The event – part of the U.S. Department of Education’s fifth annual back-to-school bus tour – was hosted by Kecia Ray, Executive Director of Learning Technology for the Metropolitan Nashville Public Schools (MNPS) and Richard Culatta, Director of the Department’s Office of Educational Technology.
During the discussion, teachers, students, administrators, and community leaders talked about their roles in shaping the way technology can transform learning.
One teacher from the MNPS Virtual School said his staff was already “rockin’ Future Ready but could certainly use the infrastructure attention, as well as community involvement.” Other educators emphasized the importance of professional development and training. One MNPS teacher said teachers needed professional development on how to use devices for specific instructional purposes, while another teacher suggested, “Our perception needs to change from technology being ‘another thing’ we need to learn, to being ‘the way’ we teach and learn.”
The educators expressed the importance of building the right infrastructure, imagining the classrooms of the future, ensuring teachers are ready to utilize and benefit from technology, and bringing into the work parents, community members, school board members, and others . District leaders also recognized the value of mentoring other districts, noting, “The only way to be successful is to collaborate, just like we expect our teachers to do.”
Parents talked about blended learning, which combines classroom and online instruction, noting that without consistency across the country, individual districts would need to clearly define this learning approach for their teachers and students. Some parents also emphasized the importance of understanding what was going on at school, suggesting that “if parents knew what was happening in the classroom, they would know the right questions to ask their students.”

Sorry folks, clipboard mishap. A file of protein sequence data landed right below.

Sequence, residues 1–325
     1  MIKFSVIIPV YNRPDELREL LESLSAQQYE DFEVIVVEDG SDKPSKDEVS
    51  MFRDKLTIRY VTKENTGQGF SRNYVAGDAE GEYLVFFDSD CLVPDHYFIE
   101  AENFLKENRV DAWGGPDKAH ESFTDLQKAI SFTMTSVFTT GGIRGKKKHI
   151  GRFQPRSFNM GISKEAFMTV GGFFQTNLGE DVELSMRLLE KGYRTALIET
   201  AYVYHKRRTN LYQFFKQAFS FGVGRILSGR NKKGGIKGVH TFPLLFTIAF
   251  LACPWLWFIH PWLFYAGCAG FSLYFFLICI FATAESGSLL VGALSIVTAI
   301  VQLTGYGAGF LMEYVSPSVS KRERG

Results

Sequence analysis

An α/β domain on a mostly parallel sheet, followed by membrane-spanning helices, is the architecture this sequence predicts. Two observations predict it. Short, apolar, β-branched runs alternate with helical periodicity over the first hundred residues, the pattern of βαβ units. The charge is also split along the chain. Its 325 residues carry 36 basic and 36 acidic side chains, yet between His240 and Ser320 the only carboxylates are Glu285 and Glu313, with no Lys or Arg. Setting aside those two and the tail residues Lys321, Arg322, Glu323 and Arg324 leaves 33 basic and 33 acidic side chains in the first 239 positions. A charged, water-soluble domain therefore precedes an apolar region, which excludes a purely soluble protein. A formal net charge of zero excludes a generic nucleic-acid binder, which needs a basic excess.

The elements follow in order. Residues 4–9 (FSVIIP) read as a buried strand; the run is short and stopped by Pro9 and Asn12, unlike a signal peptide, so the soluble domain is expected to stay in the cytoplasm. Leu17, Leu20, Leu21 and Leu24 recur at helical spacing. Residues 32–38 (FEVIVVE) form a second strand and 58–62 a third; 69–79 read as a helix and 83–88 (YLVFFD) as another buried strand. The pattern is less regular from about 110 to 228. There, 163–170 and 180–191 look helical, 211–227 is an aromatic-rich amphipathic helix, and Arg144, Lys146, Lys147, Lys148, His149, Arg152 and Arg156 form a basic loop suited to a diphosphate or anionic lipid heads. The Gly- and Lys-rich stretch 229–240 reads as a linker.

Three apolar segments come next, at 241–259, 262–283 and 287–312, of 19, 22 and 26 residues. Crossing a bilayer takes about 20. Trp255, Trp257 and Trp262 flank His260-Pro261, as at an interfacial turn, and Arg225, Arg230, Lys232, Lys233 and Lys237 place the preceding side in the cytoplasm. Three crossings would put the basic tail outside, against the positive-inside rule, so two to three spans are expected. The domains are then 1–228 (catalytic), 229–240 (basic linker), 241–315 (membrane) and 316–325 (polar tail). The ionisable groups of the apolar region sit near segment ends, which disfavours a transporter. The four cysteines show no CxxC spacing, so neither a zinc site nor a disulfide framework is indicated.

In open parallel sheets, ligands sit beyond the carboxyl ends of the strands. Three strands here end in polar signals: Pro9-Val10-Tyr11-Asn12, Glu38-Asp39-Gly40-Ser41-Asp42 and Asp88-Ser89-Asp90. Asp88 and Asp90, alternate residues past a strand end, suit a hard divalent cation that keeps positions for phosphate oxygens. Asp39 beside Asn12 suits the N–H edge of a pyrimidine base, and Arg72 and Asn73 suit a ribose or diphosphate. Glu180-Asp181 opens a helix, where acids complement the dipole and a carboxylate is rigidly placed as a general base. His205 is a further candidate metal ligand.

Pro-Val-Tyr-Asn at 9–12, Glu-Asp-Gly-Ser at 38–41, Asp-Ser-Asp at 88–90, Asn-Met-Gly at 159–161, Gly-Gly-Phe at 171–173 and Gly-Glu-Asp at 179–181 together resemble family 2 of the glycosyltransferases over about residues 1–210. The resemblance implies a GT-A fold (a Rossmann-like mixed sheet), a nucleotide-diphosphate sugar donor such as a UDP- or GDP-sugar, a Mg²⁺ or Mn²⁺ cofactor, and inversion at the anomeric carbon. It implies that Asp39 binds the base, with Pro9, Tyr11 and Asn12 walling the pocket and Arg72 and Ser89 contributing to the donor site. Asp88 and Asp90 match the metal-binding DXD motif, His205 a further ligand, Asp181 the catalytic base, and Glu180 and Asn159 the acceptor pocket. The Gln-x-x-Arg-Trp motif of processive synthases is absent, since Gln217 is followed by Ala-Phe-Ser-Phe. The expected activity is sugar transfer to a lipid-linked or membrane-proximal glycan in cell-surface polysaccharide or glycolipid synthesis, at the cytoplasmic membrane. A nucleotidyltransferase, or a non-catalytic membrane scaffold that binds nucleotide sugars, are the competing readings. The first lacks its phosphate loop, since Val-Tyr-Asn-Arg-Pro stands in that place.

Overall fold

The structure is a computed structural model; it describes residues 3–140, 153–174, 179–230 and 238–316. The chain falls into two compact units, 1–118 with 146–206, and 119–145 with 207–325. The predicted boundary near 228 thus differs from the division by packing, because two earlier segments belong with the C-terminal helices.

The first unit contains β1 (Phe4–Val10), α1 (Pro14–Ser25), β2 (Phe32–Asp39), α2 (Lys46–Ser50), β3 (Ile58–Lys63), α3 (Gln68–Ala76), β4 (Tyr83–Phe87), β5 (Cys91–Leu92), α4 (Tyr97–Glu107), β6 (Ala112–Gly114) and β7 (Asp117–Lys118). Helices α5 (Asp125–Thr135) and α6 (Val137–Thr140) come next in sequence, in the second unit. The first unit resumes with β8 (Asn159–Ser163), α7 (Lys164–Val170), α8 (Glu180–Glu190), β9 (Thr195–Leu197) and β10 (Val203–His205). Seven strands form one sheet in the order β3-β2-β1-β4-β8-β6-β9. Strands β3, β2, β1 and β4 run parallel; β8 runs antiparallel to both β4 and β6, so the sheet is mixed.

Students also gave their points of view.
Tenth-grade Big Picture High School student Jarred Enyart facilitated a conversation with nearly 30 middle and high school students. The teens expressed excitement about incorporating Future Ready into their learning experiences.
One student wondered, “If students had 45 minutes of rich learning online, would they have more motivation to succeed and learn?” Another offered an example of the personalized learning available in Future Ready schools, noting, “I had maxed out on AP classes and was interested in medicine. I was able to access a variety of opportunities because of the internet.”
As the event concluded, one student offered some excellent advice, urging the participants to use technology “as a tool, not a crutch.”
We will continue to bring you details about the Future Ready pledge. Follow the hashtag #FutureReady on Facebook and Twitter for updates.
James Liou is a Teaching Ambassador Fellow at the U.S. Department of Education.